Community Club to take over downtown park art

Photo by Robert Williams
Frazee Community Club President Tom Watson won approval from the Parks & Recreation Committee, along with the City Council later in the day, for the Community Club to take over fundraising and planning efforts for art at the downtown park, including a map of the area and a future mural.

By Robert Williams


Some long awaited good news about Town Lake Beach and some clarification of what is happening at the downtown park were part of a lengthy, monthly meeting of the Frazee Parks and Recreation Committee (PRC) on Wednesday, May 22, at the Event Center.

Frazee City Administrator Stephanie Poegel announced she received the official building plans and renderings of the new community building and bathrooms to be built at Town Lake Beach.

“Big news!,” Poegel said.

The PRC recommended to the city council for the ordering of bids on the project. Construction is scheduled to begin later this summer.

Photo by Robert Williams
One of the renderings of the new community building project at Town Lake Beach was passed around the Parks & Recreation meeting Wednesday, May 22. The project has been on hold for nearly two years, but was finally approved to proceed with construction this summer.

The city has multiple revenue streams that can be used to pay for the project, including the sale of Eagle Lake Park, which equates to $190,000, along with a $250,000 grant the city received by the Minnesota Department of Natural Resources back in June 2021.

Plans for the remainder of the project would be via municipal bonding.

“If it’s a $550-600,000 project, what we’re going to be bonding for would be significantly less, so that opens up a different avenue of bonding,” said Poegel.

Initial plans by Widseth Engineering were for a public space to be created with demolition work to begin the spring of 2022 with the new facility planned to be completed by September of that year.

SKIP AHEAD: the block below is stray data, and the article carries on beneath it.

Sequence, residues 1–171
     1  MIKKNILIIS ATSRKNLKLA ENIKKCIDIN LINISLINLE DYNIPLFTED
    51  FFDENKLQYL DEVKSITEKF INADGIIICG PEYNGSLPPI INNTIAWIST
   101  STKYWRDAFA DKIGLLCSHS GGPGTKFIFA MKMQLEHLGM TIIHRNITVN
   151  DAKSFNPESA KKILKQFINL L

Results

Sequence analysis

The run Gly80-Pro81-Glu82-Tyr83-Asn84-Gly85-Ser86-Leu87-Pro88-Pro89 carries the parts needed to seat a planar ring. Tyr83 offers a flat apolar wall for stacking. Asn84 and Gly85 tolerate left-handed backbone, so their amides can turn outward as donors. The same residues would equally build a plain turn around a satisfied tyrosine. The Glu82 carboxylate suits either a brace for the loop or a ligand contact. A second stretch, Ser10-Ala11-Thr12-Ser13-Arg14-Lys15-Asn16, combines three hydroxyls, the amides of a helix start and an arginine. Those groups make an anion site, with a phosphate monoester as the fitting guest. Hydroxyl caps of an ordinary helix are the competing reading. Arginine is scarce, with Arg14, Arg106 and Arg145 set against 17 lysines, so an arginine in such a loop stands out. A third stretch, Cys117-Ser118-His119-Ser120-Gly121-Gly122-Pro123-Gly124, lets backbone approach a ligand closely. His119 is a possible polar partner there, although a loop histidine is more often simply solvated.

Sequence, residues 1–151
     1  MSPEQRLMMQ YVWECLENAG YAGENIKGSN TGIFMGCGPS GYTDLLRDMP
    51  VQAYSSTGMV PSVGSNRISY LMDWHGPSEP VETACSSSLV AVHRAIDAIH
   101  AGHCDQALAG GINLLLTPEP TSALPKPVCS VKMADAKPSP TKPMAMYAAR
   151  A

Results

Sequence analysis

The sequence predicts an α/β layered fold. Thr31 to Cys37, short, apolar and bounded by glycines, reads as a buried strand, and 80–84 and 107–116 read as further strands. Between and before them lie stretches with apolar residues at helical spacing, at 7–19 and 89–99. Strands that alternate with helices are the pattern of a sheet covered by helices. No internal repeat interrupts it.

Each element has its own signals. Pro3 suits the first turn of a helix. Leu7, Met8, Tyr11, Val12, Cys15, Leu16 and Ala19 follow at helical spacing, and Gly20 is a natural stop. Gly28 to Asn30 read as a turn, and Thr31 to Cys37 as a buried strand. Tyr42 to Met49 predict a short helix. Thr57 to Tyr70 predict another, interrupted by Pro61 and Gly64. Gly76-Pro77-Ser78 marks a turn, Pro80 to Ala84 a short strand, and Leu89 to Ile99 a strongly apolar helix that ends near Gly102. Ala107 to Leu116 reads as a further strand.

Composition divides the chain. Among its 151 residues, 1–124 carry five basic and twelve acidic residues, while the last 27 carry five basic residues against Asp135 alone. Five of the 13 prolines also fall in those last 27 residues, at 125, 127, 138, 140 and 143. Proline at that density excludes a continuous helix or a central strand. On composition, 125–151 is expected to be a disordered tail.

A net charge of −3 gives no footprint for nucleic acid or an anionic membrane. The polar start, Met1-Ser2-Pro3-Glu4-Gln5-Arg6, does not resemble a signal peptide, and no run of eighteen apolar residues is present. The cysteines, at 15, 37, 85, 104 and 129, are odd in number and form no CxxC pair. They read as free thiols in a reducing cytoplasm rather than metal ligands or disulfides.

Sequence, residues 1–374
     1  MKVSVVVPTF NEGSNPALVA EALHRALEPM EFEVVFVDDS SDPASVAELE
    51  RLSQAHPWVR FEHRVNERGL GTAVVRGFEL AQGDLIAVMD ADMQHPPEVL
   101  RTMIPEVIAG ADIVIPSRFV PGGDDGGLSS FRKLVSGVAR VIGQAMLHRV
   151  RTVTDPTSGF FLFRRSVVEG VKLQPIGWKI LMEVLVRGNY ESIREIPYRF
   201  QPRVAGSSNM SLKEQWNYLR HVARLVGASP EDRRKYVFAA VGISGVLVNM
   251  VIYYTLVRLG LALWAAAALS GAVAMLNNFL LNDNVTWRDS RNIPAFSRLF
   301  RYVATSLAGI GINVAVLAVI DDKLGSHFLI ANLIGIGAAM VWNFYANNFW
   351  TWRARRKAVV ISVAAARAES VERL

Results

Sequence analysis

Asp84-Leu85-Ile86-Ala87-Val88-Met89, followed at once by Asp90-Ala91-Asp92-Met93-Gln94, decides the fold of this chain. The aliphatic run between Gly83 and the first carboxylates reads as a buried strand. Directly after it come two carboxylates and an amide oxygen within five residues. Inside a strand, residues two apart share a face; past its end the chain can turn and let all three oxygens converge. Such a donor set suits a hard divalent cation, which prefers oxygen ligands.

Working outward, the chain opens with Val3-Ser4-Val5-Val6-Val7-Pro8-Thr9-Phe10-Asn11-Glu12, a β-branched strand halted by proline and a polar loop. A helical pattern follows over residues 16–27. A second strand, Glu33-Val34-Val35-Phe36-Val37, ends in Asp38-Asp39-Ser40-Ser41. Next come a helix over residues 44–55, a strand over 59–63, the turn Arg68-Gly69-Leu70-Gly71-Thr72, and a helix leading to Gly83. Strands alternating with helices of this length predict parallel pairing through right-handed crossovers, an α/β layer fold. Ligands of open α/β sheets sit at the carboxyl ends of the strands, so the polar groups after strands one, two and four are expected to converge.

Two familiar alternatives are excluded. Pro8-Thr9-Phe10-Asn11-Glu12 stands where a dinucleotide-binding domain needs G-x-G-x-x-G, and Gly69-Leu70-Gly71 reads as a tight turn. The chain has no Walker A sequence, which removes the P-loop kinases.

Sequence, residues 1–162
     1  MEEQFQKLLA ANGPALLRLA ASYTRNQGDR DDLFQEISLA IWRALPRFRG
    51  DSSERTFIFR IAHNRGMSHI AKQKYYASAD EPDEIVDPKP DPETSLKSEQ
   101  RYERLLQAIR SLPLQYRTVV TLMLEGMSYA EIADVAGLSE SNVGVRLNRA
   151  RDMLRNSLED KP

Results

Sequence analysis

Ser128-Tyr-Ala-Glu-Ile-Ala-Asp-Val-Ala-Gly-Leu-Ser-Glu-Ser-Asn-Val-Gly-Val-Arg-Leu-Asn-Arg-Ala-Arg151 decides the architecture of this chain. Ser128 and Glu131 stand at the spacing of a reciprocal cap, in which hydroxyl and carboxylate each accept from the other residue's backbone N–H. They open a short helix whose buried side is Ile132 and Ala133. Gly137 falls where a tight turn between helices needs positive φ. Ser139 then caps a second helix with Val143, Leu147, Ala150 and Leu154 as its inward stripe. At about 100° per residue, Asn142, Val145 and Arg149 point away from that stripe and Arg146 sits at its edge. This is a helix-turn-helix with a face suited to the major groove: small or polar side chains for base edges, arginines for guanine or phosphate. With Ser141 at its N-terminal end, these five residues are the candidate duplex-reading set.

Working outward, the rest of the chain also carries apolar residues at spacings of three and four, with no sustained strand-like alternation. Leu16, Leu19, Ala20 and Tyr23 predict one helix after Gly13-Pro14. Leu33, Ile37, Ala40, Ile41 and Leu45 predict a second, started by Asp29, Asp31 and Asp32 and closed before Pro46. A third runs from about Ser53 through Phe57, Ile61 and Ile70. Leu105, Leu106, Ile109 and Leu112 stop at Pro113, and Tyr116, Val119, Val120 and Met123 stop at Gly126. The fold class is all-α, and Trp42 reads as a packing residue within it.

However, during early construction an artifact found was a Knife River Flint flake (chip of stone from making a stone tool). An archeological study was completed and State Archaeologist Amanda Gronhovd confirmed the find.

In an email she stated, “Knife River Flint is an exotic material which does not naturally occur in central Minnesota. Knife River Flint comes from western North Dakota, indicating that the people who left the flake behind had traveled to western North Dakota to gather the material or traded for it. The flake also shows evidence that it was used as a small tool on its own.”

A Phase II archaeology study was approved by the city council in May of 2022.

The scope of the study was narrowed by Abraham Ledezma of In Situ Archaeological Consulting, LLC, after conferring with the State Historic Preservation Office (SHPO) and Gronhovd.

Testing of the area was required to determine if the flake was off-chance or if there were potentially more finds. The scope of that area was reduced to a smaller search area and no further evidence was found.

Last week, the city received approvals to proceed from the Minnesota State Historic Preservation Office (SHPO), the Office of the State Archeologist and the Minnesota Indian Affairs Council (MIAC).

The MIAC has mandated that an archaeologist be on site during any digging to monitor and examine any potential finds of historic significance during construction.

Downtown Park

Creating Community Consulting conducted a survey on what community thoughts were on what to do with the downtown park where the former Seip Drug and Sanders Oil buildings stood on the corner of Lake and Main.

“I was happy to see the response level and the time people took to comment; I think the comments are huge,” said PRC member Eric Anderson. “It shows that people care about what’s going to go there. We need to respect that.”

The survey was conducted over five days and returned around 190 total responses, along with included discussions that were had primarily on Facebook.

Multiple grants have been applied to the Blandin Foundation to assist paying for improvements at the park.

PRC member and Community Club President Tom Watson proposed that the Frazee Community Club take over management of an artistic mural and an area map be created at the park.

“We have the wherewithal to do the fundraising and grant writing,” he said.